Michigan Tech Engineer Seeks To Prevent Knee Osteoarthritis

Aging often means bad knees, and bad knees often mean osteoarthritis, a common and painful disability that affects more than 20 million Americans.

Tammy Haut Donahue, associate professor in mechanical engineering at Michigan Technological University, is a researcher with an ambitious goal: to prevent osteoarthritis.

The condition results from the breakdown of joint cartilage, which covers the ends of bones. With less cushion, more cartilage is worn away, and a painful rubbing of bone on bone occurs, resulting in osteoarthritis.

Haut Donahue's work centers on the knee. In particular, she studies the meniscus, which includes two crescent-shaped buffers of fibrocartilage that disperse friction and distribute the load where the femur and tibia meet in the knee joint.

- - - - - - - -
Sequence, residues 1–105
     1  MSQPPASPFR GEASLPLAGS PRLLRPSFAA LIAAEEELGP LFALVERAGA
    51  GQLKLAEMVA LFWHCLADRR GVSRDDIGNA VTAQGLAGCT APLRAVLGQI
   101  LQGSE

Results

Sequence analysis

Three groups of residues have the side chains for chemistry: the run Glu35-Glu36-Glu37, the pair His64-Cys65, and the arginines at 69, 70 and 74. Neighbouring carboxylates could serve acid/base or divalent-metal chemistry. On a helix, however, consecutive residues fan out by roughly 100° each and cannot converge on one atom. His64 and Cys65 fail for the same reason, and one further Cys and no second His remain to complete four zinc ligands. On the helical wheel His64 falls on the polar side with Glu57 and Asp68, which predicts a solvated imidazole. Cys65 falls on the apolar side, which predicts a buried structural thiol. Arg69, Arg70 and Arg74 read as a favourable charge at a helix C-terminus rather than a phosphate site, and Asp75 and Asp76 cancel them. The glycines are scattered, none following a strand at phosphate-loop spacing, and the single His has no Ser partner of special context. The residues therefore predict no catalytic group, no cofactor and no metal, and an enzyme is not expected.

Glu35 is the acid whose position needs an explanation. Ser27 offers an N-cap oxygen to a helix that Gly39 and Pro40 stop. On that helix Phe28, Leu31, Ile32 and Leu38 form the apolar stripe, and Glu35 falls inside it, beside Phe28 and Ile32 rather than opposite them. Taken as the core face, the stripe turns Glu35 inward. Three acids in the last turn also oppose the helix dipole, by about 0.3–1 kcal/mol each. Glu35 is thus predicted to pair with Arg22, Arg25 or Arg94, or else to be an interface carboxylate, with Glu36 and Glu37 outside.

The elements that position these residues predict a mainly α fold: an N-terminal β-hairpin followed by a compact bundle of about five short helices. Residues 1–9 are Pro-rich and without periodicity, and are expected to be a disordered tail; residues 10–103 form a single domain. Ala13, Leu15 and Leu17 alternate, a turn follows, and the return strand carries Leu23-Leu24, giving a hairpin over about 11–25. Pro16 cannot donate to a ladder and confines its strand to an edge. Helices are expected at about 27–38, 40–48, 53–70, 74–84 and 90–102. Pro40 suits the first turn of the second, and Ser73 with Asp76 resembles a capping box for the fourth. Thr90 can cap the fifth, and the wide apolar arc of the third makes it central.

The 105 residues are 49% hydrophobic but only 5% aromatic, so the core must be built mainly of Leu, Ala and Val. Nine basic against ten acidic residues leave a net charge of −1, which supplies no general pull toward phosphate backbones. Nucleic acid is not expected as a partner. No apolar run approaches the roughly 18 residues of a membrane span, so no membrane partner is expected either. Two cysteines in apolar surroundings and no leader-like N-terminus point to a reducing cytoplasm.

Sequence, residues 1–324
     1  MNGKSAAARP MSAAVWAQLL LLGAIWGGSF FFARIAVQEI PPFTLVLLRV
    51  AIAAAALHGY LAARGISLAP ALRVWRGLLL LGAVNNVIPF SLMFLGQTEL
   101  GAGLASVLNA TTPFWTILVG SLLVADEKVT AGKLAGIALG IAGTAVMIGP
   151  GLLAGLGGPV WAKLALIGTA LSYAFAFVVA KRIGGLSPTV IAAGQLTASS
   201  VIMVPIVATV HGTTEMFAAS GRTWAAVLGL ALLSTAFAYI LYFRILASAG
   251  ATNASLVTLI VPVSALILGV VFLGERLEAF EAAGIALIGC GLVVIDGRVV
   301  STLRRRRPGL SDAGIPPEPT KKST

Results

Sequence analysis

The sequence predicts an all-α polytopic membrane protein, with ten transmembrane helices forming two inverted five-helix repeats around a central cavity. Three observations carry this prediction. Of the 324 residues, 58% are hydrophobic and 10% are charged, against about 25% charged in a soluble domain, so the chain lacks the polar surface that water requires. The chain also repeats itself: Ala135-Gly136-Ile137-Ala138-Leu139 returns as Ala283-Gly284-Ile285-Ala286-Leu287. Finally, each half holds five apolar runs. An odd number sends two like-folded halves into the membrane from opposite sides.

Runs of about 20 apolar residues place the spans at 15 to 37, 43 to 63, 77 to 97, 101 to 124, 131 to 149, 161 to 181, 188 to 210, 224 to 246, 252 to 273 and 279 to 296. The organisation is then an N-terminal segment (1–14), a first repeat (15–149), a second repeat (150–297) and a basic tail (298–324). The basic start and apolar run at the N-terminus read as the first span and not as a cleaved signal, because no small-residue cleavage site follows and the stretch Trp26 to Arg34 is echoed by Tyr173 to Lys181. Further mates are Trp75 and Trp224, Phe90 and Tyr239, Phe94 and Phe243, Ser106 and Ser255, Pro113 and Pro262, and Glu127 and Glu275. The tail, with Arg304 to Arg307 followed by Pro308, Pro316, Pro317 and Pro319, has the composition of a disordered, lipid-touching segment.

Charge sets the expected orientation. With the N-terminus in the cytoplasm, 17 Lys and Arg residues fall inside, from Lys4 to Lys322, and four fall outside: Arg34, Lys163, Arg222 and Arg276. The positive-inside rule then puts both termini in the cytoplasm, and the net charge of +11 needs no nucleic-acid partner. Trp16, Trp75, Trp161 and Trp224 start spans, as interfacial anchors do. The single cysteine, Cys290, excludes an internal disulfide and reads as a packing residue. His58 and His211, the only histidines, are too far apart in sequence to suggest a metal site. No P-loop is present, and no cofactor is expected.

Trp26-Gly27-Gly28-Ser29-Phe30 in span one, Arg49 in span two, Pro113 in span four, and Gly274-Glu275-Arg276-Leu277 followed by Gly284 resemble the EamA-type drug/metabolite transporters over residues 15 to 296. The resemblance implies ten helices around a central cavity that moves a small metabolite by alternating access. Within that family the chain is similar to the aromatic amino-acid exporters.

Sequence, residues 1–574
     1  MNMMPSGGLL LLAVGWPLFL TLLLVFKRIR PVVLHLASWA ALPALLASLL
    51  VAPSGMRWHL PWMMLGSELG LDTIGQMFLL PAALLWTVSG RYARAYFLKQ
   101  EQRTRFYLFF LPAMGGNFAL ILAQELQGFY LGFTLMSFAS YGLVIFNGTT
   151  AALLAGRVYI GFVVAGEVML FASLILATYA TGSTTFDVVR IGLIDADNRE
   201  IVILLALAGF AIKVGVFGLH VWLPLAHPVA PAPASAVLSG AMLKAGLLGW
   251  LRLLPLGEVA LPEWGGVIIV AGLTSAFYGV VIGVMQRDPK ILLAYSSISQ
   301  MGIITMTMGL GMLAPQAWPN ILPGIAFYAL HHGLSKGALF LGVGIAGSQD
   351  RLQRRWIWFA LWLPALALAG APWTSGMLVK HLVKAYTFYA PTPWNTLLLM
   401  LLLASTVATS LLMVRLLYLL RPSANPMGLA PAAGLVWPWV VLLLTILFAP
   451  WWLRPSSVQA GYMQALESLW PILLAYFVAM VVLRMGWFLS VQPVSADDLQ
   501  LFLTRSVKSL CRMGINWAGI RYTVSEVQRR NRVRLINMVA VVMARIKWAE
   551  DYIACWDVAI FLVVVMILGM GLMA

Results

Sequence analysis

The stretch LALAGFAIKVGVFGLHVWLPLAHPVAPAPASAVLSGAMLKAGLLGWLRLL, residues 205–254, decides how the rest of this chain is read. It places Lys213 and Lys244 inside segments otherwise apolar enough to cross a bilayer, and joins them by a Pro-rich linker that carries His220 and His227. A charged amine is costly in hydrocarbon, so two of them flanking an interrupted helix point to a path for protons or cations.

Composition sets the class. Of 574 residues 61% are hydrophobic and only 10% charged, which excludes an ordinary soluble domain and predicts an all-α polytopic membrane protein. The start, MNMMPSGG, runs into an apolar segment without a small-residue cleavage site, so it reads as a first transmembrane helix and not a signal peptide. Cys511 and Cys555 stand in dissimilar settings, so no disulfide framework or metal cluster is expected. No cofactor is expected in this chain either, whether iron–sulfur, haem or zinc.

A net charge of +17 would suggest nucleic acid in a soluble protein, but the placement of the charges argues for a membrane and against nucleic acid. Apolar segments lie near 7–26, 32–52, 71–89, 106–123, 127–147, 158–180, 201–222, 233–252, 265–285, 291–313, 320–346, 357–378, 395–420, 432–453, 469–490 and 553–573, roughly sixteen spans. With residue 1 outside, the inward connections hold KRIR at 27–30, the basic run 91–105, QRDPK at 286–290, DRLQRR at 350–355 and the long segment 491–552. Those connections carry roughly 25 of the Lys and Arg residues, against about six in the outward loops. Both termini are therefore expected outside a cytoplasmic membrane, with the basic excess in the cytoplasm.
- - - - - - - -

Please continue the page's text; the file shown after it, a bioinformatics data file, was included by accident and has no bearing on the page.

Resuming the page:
Her Soft Tissue Mechanics Laboratory has developed a model to study the role of the meniscus in a damaged knee. While the meniscus was previously believed to be a passive structure in the knee, Haut Donahue's research shows that it has an important role in joint health.

Her research suggests that early interventions focused on the meniscus may help prevent future osteoarthritis or reduce its severity. For example, in collaborative work with Portage Health, a local hospital, Haut Donahue and her team have discovered that the attachments of the meniscus to the tibia may be compromised as we age, and therefore, the meniscus may not properly protect the underlying cartilage, leading to painful osteoarthritis.